Andy Warhol | Cowboys and Indians: Andipa, London

9 - 27 May 2004

Unbeknown to many Andy Warhol admirers, the iconic artist had a life-long affinity with the American West, and the Hollywood mythologisation of it. Warhol’s 1986 Cowboys and Indians series portrays a variety of images, representing the real history of the West, as well as the constructed Hollywood fiction of cowboys and Indians. Warhol makes calculated juxtapositions between fictional Hollywood characters such as Annie Oakley and John Wayne with real and influential historical figures, such as Geronimo and Teddy Roosevelt. There is undeniable tension between the mythical fantasy of the sensationalised Wild West heroes, and the reality of the exploitation of Native Americans at the hands of colonisers.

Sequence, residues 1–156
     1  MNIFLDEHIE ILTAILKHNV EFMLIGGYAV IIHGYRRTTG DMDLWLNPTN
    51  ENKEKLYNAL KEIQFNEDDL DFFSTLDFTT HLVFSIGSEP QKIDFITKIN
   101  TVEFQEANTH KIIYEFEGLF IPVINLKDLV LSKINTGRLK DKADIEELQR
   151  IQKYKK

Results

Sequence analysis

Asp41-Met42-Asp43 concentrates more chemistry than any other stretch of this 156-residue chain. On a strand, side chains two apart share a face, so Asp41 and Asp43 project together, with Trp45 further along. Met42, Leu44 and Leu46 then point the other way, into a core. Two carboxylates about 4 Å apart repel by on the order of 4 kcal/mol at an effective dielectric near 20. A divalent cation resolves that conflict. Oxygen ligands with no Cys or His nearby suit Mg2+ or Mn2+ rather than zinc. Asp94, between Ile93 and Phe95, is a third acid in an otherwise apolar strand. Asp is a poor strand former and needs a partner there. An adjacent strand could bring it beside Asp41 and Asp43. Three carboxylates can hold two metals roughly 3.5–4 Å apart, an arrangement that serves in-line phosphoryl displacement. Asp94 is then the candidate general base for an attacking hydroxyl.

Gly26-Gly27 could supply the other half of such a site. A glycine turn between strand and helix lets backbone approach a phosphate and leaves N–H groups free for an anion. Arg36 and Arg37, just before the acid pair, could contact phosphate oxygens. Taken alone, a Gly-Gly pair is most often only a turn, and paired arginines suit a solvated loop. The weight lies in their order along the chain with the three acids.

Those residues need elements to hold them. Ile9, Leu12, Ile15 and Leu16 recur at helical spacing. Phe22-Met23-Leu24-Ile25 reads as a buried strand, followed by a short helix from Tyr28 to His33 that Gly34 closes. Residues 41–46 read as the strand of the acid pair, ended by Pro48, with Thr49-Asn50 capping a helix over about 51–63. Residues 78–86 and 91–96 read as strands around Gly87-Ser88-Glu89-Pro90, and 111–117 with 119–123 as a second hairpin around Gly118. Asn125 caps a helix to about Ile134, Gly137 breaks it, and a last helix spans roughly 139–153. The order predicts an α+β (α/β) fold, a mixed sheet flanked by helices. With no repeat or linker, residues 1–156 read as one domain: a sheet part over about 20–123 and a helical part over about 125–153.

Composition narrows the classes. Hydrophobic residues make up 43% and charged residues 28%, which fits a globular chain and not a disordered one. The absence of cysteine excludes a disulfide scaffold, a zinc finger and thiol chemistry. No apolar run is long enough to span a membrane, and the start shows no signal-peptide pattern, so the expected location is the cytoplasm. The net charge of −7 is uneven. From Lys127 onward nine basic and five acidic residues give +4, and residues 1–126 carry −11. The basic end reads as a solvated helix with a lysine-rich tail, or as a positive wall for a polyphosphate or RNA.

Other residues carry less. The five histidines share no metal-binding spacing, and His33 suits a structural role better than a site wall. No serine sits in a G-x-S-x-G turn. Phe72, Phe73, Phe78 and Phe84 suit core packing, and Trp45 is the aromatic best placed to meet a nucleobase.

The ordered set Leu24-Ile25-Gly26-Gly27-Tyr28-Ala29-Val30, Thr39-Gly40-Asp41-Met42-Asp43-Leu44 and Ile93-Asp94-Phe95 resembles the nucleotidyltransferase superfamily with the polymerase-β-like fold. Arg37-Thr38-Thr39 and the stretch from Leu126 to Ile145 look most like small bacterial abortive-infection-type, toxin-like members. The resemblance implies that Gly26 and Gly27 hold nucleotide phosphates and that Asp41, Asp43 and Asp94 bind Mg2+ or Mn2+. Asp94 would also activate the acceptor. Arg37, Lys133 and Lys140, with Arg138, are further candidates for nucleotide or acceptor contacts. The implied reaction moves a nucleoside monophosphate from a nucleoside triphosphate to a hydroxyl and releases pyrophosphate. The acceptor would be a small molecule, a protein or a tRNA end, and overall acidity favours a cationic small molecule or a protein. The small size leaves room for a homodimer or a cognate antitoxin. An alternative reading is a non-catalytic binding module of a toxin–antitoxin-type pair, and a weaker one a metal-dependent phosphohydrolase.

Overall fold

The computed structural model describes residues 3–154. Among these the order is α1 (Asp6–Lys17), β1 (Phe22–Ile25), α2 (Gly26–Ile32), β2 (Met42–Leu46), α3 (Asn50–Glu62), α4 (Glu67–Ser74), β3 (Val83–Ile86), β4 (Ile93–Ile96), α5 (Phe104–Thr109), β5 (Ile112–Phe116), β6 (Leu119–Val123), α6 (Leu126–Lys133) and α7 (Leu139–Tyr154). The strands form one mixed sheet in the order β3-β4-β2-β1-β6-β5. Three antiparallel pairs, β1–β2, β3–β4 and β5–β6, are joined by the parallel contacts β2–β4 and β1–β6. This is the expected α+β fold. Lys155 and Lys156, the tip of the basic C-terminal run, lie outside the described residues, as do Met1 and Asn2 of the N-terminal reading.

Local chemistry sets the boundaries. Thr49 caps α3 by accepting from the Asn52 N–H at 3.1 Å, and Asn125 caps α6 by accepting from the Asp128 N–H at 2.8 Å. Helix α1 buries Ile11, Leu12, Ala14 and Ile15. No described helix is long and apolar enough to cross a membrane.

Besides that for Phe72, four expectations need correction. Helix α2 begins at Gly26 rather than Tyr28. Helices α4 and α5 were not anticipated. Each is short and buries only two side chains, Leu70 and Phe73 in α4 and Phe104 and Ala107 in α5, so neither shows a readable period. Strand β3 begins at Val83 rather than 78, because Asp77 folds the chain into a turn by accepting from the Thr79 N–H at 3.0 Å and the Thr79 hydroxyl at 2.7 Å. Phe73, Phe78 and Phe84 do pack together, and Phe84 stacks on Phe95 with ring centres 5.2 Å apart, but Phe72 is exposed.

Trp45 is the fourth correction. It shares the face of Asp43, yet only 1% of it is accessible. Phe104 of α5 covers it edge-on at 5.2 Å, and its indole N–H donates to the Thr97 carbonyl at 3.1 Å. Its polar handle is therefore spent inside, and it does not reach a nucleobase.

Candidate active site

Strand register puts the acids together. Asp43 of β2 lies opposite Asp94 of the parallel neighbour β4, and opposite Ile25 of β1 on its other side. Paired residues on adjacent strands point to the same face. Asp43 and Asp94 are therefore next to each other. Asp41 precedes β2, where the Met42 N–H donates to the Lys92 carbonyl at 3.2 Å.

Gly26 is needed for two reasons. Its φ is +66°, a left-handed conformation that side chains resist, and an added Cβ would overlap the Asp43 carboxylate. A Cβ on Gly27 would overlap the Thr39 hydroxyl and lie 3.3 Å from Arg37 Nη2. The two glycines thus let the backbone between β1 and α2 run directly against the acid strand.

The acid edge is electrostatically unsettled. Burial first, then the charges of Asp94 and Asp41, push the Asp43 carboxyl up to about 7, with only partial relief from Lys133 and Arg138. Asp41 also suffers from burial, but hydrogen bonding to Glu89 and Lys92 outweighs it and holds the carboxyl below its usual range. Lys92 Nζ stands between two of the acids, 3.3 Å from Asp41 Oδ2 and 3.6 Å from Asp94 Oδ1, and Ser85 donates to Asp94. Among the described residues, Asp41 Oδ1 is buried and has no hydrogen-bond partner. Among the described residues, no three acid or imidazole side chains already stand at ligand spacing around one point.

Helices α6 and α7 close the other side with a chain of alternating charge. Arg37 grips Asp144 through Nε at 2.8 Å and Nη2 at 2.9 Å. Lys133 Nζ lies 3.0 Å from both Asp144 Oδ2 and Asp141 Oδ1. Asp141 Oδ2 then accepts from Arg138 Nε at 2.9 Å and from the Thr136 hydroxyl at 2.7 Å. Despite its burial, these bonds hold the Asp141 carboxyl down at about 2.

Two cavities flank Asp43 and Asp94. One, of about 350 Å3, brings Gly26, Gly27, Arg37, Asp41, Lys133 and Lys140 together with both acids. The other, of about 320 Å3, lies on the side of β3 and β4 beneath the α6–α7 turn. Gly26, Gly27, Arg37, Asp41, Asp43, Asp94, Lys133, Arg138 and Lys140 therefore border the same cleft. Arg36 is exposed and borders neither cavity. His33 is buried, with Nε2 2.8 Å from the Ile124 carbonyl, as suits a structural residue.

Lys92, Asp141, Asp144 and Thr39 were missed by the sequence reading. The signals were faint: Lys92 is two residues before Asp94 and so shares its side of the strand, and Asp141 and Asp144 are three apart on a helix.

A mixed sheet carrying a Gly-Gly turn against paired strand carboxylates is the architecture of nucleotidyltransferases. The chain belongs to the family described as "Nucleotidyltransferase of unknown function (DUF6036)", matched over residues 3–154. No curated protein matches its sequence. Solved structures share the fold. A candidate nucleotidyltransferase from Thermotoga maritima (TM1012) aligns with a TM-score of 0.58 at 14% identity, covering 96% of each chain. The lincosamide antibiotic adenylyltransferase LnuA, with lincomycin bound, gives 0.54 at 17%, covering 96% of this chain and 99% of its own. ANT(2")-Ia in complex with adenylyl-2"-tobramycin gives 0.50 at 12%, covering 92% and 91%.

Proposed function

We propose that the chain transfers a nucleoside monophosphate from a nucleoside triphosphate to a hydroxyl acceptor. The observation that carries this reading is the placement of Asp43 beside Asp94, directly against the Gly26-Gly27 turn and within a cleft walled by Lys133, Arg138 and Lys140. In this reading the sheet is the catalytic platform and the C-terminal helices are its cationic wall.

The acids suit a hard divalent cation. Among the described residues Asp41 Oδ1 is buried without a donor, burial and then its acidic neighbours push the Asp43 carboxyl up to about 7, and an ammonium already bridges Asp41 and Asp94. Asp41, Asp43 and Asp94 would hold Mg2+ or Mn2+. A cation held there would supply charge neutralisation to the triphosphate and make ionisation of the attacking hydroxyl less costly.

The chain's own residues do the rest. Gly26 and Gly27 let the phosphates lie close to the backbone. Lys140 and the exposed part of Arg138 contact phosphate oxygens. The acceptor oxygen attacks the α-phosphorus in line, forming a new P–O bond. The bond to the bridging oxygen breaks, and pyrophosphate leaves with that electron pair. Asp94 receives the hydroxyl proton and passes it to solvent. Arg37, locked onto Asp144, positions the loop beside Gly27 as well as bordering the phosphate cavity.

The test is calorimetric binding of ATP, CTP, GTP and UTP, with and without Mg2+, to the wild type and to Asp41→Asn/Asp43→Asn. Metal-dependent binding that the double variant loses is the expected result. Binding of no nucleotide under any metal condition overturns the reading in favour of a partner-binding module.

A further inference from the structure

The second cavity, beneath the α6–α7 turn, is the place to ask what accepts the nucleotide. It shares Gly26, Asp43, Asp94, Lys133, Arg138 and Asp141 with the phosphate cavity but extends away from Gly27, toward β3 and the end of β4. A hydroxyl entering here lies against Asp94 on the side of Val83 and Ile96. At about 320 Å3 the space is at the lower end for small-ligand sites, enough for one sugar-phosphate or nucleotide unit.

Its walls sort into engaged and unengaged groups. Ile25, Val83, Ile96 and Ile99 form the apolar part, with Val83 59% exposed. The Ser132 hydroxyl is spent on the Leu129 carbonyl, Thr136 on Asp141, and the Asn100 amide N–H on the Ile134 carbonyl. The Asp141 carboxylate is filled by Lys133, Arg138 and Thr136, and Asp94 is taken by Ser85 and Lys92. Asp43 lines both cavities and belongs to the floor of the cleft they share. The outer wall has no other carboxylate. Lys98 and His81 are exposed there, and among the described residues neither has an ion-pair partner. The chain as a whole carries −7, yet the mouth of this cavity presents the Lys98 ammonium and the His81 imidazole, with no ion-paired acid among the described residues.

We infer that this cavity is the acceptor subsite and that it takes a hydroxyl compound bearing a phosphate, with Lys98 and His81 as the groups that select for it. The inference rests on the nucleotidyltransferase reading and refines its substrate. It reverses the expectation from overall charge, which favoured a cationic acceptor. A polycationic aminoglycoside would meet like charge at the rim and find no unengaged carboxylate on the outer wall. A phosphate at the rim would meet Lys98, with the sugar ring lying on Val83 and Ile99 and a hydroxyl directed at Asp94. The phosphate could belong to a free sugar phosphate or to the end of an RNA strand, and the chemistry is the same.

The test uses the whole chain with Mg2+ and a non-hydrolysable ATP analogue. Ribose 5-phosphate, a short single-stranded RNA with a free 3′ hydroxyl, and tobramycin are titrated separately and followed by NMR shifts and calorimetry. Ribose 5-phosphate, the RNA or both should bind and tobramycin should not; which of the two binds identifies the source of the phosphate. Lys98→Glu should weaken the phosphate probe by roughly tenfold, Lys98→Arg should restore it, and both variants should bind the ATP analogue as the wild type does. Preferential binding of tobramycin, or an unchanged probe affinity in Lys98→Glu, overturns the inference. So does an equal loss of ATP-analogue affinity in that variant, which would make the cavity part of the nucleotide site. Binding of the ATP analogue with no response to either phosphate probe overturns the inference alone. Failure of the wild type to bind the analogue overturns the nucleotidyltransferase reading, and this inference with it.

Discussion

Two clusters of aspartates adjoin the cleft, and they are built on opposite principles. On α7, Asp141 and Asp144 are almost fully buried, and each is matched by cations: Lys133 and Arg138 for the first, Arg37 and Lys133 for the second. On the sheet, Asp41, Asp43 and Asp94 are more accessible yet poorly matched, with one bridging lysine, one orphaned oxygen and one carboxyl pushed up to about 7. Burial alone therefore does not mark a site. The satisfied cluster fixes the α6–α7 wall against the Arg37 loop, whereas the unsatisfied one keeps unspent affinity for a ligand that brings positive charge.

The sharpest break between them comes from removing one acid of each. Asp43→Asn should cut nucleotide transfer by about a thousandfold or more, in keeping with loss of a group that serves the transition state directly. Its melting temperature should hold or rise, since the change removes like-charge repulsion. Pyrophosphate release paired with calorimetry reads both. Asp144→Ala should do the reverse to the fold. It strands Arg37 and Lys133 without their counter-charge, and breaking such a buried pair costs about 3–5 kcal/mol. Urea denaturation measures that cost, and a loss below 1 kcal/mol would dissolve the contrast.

Warhol’s fascinated with the Wild West can be traced back to his childhood. As a child growing up in the ‘30s and 40’s in America, he would have undoubtedly been inundated with Western films, and all the macho heroes and Native American villains associated with them. This was the last major series Warhol created before his unexpected death in 1987 and it seems rather poetical that its subject was that of a lifelong obsession. His life ended where it started. In adulthood, Warhol was so obsessed with the Western films that he directed two himself. ‘Horse’ (1965) and ‘Lonesome Cowboys’ (1968) were both parodies of the genre, exploring homosexuality within cowboy culture. They act as a testament to Warhol’s fascination with Western movies, but simultaneously mock it, showing Warhol’s critique of the macho culture it cultivates. However, the Hollywood Western films were problematic in their lack of social consciousness. They presented a glamourised void of reality, and never reflected the most important themes of authority and victimisation.

For more information on any of the artworks featured and to buy original Andy Warhol prints, contact Andipa Editions.